Fatah and Hamas Reach a Deal on Palestinian Elections? Hamas Denies

Zachary J. Schullian
Staff Writer

Fatah and Hamas reached a deal on Palestinian elections at the Palestinian Consulate in Istanbul last week, according to Al Jazeera. This has raised hopes that the factions can unite after years of animosity, facing a shared issue as Israel continues to threaten annexation while it normalizes relations with Arab nations. The proposal for parliamentary, presidential, and national council elections was discussed among all Palestinian factions in a leadership meeting on October 3. Palestinian Authority (PA) President Mahmoud Abbas is expected to set three dates for Palestinian legislative, presidential, and Palestine Liberation Organization (PLO) national council elections.

The Islamic Jihad (PIJ), a Palestinian Islamist organization, will only participate in the national council elections that are representative of the diaspora and not connected to peace accords with Israel, Al Jazeera furthers. The PA and its legislative council are both products of the Oslo accords between Israel and the PLO, which the Islamic Jihad does not recognize.

Despite Fatah and Hamas working towards the same goal of building a Palestinian state on the territories that Israel occupied in 1967, consisting of East Jerusalem, the Gaza Strip and the West Bank, there are some stark differences. Hamas believes in an Islamic Palestinian state and a militaristic strategy towards Israel, while Fatah supports a secular state and a diplomatic approach to Israel, Al Jazeera reports.

On Friday, September 25, Hamas denied that it has reached an agreement with its rivals in Fatah to hold new elections for the Palestinian Authority presidency and parliament, The Jerusalem Post reports. The denial came one day after PA President Mahmoud Abbas promised the United Nations General Assembly that those elections would be held. Mahmoud Aloul, deputy chairman of Fatah, said that his faction and Hamas have reached a preliminary agreement “to confront the American-Israeli schemes and the normalization of relations between a number of Arab countries and Israel.”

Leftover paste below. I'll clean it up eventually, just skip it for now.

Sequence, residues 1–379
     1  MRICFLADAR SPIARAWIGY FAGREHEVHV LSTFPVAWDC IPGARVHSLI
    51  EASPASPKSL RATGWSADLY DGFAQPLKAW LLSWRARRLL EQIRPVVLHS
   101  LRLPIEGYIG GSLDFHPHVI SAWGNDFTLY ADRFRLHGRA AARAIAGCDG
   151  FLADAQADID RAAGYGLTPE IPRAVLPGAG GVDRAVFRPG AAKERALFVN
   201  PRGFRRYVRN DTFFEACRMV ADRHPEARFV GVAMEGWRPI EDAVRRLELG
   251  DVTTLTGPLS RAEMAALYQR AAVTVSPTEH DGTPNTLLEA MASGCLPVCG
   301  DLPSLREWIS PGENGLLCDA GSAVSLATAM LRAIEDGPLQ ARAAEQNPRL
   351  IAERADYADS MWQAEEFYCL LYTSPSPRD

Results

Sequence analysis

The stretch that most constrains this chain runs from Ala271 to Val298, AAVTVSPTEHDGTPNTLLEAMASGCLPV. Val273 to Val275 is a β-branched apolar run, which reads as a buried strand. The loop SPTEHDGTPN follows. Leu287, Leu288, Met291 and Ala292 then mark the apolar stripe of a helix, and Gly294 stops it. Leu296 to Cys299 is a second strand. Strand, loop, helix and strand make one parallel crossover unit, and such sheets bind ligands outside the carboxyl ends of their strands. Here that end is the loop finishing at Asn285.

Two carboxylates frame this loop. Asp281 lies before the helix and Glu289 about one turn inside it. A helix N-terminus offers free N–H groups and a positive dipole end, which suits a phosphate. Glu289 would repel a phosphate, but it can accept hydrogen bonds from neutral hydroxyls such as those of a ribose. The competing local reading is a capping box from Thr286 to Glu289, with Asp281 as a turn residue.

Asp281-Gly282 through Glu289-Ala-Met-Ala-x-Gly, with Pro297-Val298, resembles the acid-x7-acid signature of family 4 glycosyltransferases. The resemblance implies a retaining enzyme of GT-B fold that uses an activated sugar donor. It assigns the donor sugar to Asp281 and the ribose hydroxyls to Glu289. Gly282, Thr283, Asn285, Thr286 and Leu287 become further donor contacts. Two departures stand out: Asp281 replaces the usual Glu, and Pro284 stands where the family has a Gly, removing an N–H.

A day earlier, foreign ministers from four Arab and European countries meeting in Jordan said a two-state solution is the only path to end the long-running Israeli-Palestinian conflict and called for a resumption of negotiations between the two sides. The top diplomats from France, Egypt, and Jordan held a meeting on Thursday in Amman. There will be “no comprehensive and lasting peace without solving the conflict on the basis of the two-state solution,” Jordanian Foreign Minister Ayman al-Safadi told reporters following the meeting.

“There is no other solution,” French Foreign Minister Jean-Yves Le Drian agreed. The Palestinians and the Israelis need to prove their commitment to dialogue, “and we are ready to support this process,” he added. Al Jazeera reports that Palestinians see the two accords as a betrayal that further weakens a long-standing pan-Arab position calling for Israeli withdrawal from occupied territory and acceptance of Palestinian statehood in return for establishing relations with Arab countries.

On Tuesday, September 29, Palestine quit its current chairmanship of Arab League meetings, condemning any Arab agreements with Israel as dishonorable. Two weeks earlier, a pair of historic agreements formalizing diplomatic relations between Israel and two Gulf Arab nations, the United Arab Emirates and Bahrain, were signed at the White House.

The Israeli Prime Minister Benjamin Netanyahu and the foreign ministers of the United Arab Emirates and Bahrain signed the accords, written in English, Hebrew and Arabic. This marks a major geopolitical shift in the Middle East and gives Trump a platform as a peacemaker as he heads into his re-election campaign, USA Today reports.

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